Health Risk of Infants Exposed to Lead and Mercury Through Breastfeeding

Yung Chieh Lin, Wei Hsiang Chang, Tsun Ching Li, Osuke Iwata, Hsiu Ling Chen

Research output: Contribution to journalArticlepeer-review

1 Citation (Scopus)


Donor milk from the human milk bank is important for vulnerable infants without their mothers’ own milk. Longitudinal changes in toxic metals in donor milk has not been reported. This study aimed to assess the effect of donors’ demographic characteristics, life habits and dietary habits on the concentration of metals in breastmilk donated to a human milk bank and to assess the health risk of lead (Pb) and mercury (Hg) exposure of donor mothers’ offspring through breastfeeding and the vulnerable recipients. A total of 228 samples, which were longitudinally donated to the human milk bank by 39 donors, were selected specifically to assess the levels of Pb, Hg, and MeHg. Donors’ offspring were also enrolled as mother-infant-dyads to monthly obtain the milk consumption and body weight. The results showed significant differences in the infant risk in exclusive breastfeeding months. The average Pb level of breast milk was 6.49 ± 5.23 µg/L (mean ± standard deviation), and the Hg level was 0.76 ± 0.98 µg/L. The sources of these toxins—residential districts, cleaning products, cosmetics, drinking water, viscera, eggs, seafood, and canned food—have a significant influence on the concentration of toxic metals in human milk. This study showed an unacceptable non-cancerous health risk (95th percentile hazard index, HI = 1.37 > 1) for Pb and Hg. In the future, the breast milk offered by the bank should be strictly monitored, especial for Pb, to ensure high-quality donor milk for vulnerable recipients but also donor mothers’ offspring who depend on it. Graphical Abstract: [Figure not available: see fulltext.]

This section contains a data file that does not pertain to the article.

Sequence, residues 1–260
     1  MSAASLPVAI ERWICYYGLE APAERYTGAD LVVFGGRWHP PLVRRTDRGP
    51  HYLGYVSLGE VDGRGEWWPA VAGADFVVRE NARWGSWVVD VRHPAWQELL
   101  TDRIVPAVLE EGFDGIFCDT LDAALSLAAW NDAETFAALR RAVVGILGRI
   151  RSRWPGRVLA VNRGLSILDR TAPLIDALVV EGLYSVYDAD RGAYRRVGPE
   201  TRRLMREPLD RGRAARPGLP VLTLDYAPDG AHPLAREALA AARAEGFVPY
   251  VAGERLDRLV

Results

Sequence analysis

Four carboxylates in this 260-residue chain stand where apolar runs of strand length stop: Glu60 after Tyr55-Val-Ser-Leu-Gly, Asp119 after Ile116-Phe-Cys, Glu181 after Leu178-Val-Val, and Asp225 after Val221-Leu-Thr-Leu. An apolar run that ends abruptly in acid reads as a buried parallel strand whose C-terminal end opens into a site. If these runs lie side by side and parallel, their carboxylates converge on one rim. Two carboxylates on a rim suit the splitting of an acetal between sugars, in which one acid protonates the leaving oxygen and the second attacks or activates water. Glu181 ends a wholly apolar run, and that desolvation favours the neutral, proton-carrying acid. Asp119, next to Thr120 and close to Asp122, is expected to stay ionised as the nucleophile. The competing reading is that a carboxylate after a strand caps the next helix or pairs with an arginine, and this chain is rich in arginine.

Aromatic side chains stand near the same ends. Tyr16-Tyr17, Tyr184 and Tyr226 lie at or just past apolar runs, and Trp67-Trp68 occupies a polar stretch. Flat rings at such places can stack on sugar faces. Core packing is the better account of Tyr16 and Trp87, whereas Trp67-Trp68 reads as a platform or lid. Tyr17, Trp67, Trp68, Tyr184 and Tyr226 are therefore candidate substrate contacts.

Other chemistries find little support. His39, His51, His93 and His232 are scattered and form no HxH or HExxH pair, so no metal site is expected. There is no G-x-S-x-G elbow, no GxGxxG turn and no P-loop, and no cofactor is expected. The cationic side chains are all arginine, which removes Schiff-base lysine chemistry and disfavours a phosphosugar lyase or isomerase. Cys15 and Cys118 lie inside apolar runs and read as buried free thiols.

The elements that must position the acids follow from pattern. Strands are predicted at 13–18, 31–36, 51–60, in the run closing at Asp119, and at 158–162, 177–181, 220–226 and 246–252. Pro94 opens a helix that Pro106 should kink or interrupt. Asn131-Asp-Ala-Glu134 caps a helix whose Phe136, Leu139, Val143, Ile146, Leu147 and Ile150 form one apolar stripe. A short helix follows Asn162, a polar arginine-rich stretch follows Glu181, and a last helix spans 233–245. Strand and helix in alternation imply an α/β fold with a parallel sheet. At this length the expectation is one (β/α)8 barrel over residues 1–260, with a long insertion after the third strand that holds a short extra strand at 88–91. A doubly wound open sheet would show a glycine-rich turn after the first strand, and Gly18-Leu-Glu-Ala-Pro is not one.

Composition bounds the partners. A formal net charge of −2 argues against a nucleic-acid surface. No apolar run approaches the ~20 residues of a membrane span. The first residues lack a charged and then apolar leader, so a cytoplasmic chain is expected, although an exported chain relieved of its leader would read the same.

Original languageEnglish
Pages (from-to)255-267
Number of pages13
JournalExposure and Health
Issue number1
Publication statusPublished - 2023 Mar

All Science Journal Classification (ASJC) codes

  • Water Science and Technology
  • Pollution
  • Public Health, Environmental and Occupational Health
  • Health, Toxicology and Mutagenesis


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